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C. American Countries Challenge US Migration Plan
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The foreign ministers of Central American countries rejected a US anti-immigrant plan in a joint declaration issued on Monday.

Foreign ministers from Mexico, Colombia, Costa Rica, Guatemala and other Central American countries held a meeting Monday to find ways to defend the rights of migrants who travel to the United States seeking jobs.

"Migrants, regardless of their status, are not and should not be treated like criminals," the declaration said.

The US House of Representatives approved a plan on Dec. 16, which would extend a frontier wall with Mexico by a further 1,200 km, increase the number of agents on the border, and send undocumented workers to prison instead of merely deporting them.

The plan, which is yet to be ratified by the US Senate, was immediately rejected by Latin America's governments and civil organizations, who said it would increase the violent treatment of their citizens seeking to emigrate to the United States.

The declaration also called for the United States to guarantee the human rights of migrants in any new legal proposals and to strictly observe labor laws.

Luis Ernesto Derbez, Mexican foreign minister, said that Central American governments would be uncompromising in the defense of their citizens' legal rights.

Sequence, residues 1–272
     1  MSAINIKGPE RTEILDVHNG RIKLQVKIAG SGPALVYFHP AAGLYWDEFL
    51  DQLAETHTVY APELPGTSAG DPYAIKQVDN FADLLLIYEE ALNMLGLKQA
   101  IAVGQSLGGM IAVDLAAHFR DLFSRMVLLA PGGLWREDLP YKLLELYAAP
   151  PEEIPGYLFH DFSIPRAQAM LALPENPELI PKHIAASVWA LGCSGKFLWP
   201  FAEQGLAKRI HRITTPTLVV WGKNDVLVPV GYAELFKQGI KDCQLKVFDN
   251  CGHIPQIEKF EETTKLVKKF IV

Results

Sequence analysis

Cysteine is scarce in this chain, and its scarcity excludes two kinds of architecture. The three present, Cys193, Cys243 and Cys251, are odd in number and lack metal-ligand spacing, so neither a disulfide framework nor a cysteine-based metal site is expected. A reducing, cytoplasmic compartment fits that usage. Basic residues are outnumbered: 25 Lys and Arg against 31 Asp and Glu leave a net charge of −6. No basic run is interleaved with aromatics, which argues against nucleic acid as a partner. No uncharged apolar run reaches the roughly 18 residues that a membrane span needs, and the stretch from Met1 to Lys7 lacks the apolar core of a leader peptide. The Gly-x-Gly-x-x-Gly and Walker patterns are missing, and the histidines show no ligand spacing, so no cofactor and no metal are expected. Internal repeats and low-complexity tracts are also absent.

Derbez also said he had ordered the establishment of a working group on migration to coordinate policy in the face of the US reforms, which represent a dramatic toughening of the existing rules.

Thousands of people are thought to cross the 3,200 km US-Mexico border illegally every day, some risking their lives, in search of work in the United States.

Also on Monday, Ruben Aguilar, the Mexican president's spokesman, said that the rate of migration to the United States had slowed in recent years, and, contrary to common belief, a majority (85 percent) of the migrants had already been employed in Mexico.

Aguilar claimed that the migration rate had reduced due to the "social policy of the Mexican state, which is reducing extreme poverty."

Mexico's official figures show that an average of 400,000 Mexicans emigrated to the United States each year during the five-year rule of President Vicente Fox.

The United States is now home to 10 million Mexican citizens, half of whom, according to estimates, are undocumented.

(Xinhua News Agency January 10, 2006)

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